Tanya Lee Stone examines the role of African Americans in the military through the history of the Triple Nickles, America’s first black paratroopers, who fought in a little-known attack on the American West by the Japanese. The 555th Parachute Infantry Battalion, in the words of Morris, “proved that the color of a man had nothing to do with his ability.” (Summary via Goodreads.com)

I was really interested by this book, as the Triple Nickles are not a group I ever learned much about in school. The stories of racism in America, even as our troops battled one of the most evil regimes in history, are horrible. In particular, I’ll never forget one African American soldier’s description of how much better the German POWs were treated than the black soldiers.

Still, if you can face up to these awful moments (and I think we have the responsibility to do so), you’ll find a lot of good here. Although the writing itself is nothing special, the story is important and interesting.

Rating: Good but Forgettable

This post is part of the Write 31 Days series, Lovely Words. You can see all the posts in this series here.

Lumberjanes

This fun series of comics follows the Lumberjanes as they fight supernatural creatures and build friendship to the max. | Review by NewberyandBeyond.com
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Jo, April, Mal, Molly and Ripley are new friends at the Lumberjanes summer camp. But things aren’t as simple as they seem.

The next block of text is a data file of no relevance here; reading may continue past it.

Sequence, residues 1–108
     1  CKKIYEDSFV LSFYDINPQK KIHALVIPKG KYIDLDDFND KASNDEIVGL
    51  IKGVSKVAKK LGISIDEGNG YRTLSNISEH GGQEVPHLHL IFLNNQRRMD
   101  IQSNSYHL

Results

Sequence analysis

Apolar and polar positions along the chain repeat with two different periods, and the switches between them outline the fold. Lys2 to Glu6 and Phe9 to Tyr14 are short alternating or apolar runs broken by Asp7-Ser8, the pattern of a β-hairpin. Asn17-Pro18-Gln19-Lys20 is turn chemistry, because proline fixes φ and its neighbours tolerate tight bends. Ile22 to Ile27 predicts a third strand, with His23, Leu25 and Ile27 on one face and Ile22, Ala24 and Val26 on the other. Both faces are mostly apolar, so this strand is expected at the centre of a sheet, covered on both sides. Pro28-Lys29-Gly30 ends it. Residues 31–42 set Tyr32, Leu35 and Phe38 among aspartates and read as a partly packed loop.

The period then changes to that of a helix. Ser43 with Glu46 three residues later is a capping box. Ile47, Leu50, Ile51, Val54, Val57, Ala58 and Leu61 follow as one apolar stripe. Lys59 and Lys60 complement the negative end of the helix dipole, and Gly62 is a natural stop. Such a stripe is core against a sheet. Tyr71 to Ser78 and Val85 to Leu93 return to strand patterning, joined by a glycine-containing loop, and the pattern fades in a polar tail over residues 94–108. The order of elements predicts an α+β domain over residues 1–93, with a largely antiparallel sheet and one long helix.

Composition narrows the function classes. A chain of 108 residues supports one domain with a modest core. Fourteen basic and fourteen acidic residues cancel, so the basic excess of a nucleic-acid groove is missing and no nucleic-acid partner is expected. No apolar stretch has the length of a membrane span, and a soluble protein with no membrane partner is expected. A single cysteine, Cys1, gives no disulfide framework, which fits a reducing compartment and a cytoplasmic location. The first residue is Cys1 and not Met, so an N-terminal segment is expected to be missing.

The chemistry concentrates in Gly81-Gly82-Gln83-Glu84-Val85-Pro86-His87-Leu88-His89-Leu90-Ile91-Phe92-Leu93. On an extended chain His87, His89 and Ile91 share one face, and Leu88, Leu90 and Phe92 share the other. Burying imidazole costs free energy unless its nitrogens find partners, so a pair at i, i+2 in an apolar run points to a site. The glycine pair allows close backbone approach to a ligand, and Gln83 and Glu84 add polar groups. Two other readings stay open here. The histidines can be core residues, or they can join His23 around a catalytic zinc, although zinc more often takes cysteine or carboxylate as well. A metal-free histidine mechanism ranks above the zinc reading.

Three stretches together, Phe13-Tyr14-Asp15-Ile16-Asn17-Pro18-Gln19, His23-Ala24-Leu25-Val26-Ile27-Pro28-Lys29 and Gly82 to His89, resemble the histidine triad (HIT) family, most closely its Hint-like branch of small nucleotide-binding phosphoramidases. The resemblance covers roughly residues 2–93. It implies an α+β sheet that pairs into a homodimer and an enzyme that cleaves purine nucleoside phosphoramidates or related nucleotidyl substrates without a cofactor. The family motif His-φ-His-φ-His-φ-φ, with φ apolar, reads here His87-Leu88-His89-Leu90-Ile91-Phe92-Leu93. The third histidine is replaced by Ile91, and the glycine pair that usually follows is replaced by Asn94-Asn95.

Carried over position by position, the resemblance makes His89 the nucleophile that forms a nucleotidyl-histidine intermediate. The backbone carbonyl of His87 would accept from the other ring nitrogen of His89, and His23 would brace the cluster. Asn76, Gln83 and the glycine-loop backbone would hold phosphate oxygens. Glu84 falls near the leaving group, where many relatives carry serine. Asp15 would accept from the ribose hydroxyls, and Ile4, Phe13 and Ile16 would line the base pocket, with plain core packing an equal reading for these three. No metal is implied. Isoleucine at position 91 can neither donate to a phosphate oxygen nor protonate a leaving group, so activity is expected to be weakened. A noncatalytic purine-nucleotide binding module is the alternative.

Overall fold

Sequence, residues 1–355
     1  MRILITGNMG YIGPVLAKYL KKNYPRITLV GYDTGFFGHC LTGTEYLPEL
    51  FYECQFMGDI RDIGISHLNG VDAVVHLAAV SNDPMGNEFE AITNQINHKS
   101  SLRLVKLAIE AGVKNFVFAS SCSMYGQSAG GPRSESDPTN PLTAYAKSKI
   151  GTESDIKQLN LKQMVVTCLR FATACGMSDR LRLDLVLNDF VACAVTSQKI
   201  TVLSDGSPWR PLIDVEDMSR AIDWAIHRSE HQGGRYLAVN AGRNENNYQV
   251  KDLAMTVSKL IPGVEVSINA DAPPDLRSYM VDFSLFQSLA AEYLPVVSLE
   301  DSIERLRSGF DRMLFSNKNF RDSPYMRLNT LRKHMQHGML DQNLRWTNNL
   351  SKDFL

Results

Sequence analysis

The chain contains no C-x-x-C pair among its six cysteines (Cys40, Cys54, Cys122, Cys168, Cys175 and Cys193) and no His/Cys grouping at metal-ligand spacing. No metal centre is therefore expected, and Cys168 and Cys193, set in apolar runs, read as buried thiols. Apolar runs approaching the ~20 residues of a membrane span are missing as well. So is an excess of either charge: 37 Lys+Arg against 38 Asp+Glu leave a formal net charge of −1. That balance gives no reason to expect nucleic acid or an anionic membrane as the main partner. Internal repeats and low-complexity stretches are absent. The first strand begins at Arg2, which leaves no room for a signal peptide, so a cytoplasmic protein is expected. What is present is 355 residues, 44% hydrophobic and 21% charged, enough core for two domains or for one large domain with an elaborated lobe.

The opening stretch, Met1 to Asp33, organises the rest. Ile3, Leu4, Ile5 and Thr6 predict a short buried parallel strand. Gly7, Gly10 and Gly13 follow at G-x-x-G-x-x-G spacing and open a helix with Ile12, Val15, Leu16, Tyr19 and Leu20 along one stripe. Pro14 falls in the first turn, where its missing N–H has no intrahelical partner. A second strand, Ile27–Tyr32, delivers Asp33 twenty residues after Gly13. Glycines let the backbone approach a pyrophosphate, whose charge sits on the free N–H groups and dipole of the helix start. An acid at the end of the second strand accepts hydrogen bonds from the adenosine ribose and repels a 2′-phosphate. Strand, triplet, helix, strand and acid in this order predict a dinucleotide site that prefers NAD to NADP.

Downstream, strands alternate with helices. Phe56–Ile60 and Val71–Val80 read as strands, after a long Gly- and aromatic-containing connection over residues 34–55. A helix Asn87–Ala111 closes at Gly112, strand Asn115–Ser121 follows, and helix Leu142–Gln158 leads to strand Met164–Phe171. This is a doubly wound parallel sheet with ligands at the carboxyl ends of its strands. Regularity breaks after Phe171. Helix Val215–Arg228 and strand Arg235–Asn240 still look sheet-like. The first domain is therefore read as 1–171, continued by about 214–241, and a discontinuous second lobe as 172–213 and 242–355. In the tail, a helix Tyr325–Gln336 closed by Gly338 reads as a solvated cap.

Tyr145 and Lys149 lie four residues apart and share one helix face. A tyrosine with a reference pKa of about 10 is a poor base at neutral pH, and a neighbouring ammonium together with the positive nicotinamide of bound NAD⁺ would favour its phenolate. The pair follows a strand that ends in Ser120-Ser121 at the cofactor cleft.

Throughout this fun series of comics, the girls and their reluctant counselor Jen battle supernatural creatures, solve riddles, and develop friendship to the max. Although the girls are very different and have their disagreements, they always end up working together to creatively solve their problems.

I love that the Lumberjanes are a diverse group of girls who love each other despite their differences. I also love that this is a girl power story without the stereotypical “strong woman” character. Each character is unique and complex: April loves cute clothes and mermaids, but she’s also ultra competitive. Ripley is small and scrappy with a ragged, blue-dyed haircut, and she loves giving out hugs. Each of the girls is a fun character on her own, but together, they are magic (sometimes literally).

Even if you don’t usually like comics (I don’t), you should check this series out. The artwork is great, the characters are awesome, and the story is super fun. I can’t wait for the next issue!

“Did you have a plan?”

“I thought adrenaline would take over but it did not.”

This post is part of the Write 31 Days series, Lovely Words. You can find the rest of the posts in this series here.

Middle Grades ARCs

A quick review of two fun middle grades books--one a mystery, one a fantasy. #spon | Book reviews by NewberyandBeyond.com
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Note: I received a free copy of these books in exchange for an honest review.

The Best Mistake Mystery

Dogwalker extraordinaire Stephen Nobel can get a little anxious, but his habit of counting the mistakes he and everyone else makes calms him. His need to analyze gets kicked into hyperdrive after two crazy events happen in one day at school: the bomb squad blows up a backpack and someone smashes a car into the building.

To make things worse, that someone thinks Stephen can identify them. Stephen receives a threatening text. If he goes to the police, his favourite dogs, Ping and Pong, will get hurt. The pressure mounts when his new best friend, Renée, begs for Stephen’s help. Her brother has been charged with the crimes and she wants to clear his name.